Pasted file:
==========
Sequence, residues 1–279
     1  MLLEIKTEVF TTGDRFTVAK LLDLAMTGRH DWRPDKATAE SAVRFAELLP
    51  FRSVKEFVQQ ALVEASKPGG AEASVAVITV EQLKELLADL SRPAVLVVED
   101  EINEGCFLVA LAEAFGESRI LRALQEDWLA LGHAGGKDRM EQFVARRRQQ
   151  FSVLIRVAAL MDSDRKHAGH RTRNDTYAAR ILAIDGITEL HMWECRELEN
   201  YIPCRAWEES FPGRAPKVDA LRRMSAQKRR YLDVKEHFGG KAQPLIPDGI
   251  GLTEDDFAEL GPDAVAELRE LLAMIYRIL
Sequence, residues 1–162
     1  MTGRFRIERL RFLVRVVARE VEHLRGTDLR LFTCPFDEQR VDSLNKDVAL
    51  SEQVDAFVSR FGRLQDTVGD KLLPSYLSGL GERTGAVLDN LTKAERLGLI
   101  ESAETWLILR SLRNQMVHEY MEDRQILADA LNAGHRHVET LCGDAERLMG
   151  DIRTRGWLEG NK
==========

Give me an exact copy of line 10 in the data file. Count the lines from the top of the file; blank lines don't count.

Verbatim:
    51  SEQVDAFVSR FGRLQDTVGD KLLPSYLSGL GERTGAVLDN LTKAERLGLI